Pick up any woman’s magazine and it’s likely you’ll find an article or, at the very least, reference to working mothers. It is an ongoing issue as more and more mums struggle with the physical and emotional juggle of going back to work. According to The Guardian, today 66.5% of mothers work.
I have three children and have always gone back to work following maternity leave. However, I am a teacher and I am fortunate that this a job that allows you to spend the holidays with your children, so I have the best of both worlds; an income, a career and time with my kids. But what if I worked in an office job? Or did shift work? Or was in the forces? Would things be different? The answer is, I don’t know. I have always said that if that were the case, I probably wouldn’t work. But that’s not wholly accurate. I wouldn’t want to work but I might have to. The current economic climate is dictating that we have no choice. In order to maintain our mortgage, car payments, utility bills, let alone our lifestyle, holidays and leisure activities we HAVE to work. For a lot of us there is no choice.
I have spoken to many working mothers who, once travel and childcare costs are deducted, are bringing home barely a couple of hundred pounds a month. But, they tell me, this £200 covers the council tax and electricity bill and so although a paltry ‘wage’ for all their efforts and seemingly ‘not worth it’, it is actually an essential part of the uphill struggle.
Get Back in your Box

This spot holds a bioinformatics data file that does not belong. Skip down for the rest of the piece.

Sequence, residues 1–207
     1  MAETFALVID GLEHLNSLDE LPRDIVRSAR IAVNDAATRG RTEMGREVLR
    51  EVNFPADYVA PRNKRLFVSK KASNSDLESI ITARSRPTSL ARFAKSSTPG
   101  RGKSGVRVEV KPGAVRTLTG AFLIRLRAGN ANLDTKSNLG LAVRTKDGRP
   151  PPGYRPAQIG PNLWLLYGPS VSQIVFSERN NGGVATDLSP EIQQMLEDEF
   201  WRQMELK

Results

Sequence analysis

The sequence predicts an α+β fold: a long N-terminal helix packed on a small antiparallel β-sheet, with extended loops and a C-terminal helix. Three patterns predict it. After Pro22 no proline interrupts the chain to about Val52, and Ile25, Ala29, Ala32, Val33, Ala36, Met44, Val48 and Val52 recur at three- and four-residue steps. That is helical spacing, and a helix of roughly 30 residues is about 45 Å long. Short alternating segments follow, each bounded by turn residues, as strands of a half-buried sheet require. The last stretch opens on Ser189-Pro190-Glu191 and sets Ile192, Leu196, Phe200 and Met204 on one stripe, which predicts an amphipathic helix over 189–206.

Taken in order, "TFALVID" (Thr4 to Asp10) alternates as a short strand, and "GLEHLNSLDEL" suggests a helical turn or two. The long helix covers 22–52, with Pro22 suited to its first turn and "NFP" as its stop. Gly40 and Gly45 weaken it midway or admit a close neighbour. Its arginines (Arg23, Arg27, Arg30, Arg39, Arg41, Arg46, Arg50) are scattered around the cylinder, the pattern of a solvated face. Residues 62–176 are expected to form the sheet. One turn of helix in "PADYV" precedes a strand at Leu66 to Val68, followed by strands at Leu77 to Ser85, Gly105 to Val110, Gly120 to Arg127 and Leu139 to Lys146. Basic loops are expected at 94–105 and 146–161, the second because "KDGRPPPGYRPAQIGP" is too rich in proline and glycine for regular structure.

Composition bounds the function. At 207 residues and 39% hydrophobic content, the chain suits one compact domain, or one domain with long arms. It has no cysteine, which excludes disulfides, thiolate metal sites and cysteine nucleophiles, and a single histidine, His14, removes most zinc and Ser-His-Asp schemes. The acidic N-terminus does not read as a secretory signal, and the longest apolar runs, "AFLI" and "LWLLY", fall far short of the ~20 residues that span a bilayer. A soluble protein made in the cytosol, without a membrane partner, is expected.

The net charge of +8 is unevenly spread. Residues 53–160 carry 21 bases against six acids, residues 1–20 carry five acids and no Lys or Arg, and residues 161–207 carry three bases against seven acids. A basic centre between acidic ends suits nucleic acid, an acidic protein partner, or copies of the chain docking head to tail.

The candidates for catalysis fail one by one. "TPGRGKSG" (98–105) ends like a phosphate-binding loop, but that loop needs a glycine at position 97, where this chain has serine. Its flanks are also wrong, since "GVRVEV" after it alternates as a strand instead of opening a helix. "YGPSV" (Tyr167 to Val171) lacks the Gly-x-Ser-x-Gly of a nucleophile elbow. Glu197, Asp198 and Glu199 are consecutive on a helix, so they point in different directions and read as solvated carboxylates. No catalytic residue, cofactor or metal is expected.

What irks me is that whichever parent decided to be the ‘stay at home’ one, their career has been at best suspended, at worst gone forever. We often return to work in lower positions, compromising years of climbing the ladder to find ourselves answering to someone who was once, and still should be, in a junior position to us. When considering promotion my initial reaction is that promotion increases responsibility, which means more hours, which means more childcare, which means less time with my kids. Promotion becomes a negative thing. Something to be held at arm’s length rather than embraced.
Thou shalt not return to work when one has gone forth and multiplied
I am not going to say whether mothers should/should not return to work. Who I am to judge? Who are you to judge me? It infuriates me when this gets turned into a moral issue instead of a practical or personal one. When people have the audacity to suggest if you loved your children, you’d be at home with them, ergo working mothers are bad, selfish mothers. How dare they! Whether it is by choice or having to go back to work that is YOUR decision, not mine, not the neighbour’s and certainly not the mother in law’s. And it certainly bears no reflection on how much you love your children. Back off.
I’ll leave you with this thought: The working mother is not a new concept. Go back through history and you will find mothers have always worked in some capacity, unless you were very rich and lived in Downton Abbey with the children being raised by nannies which is clearly much better for nurturing the kids… Today many of us still think ‘normal’ is father bringing home the bacon and mum at home with the kids, mirroring the iconic 1950s housewife, dazzling us with her sparkling taps and worrying gin habit. For many women this was a fulfilling role. For many more women, it wasn’t. In a country where, on the backs of their foremothers, women demand equality; we claim our choices. Our choice to marry, our choice to vote, our choice to have children, our choice to work. The mother’s role has changed. I’ll leave it up to you to decide if it is a change for the better.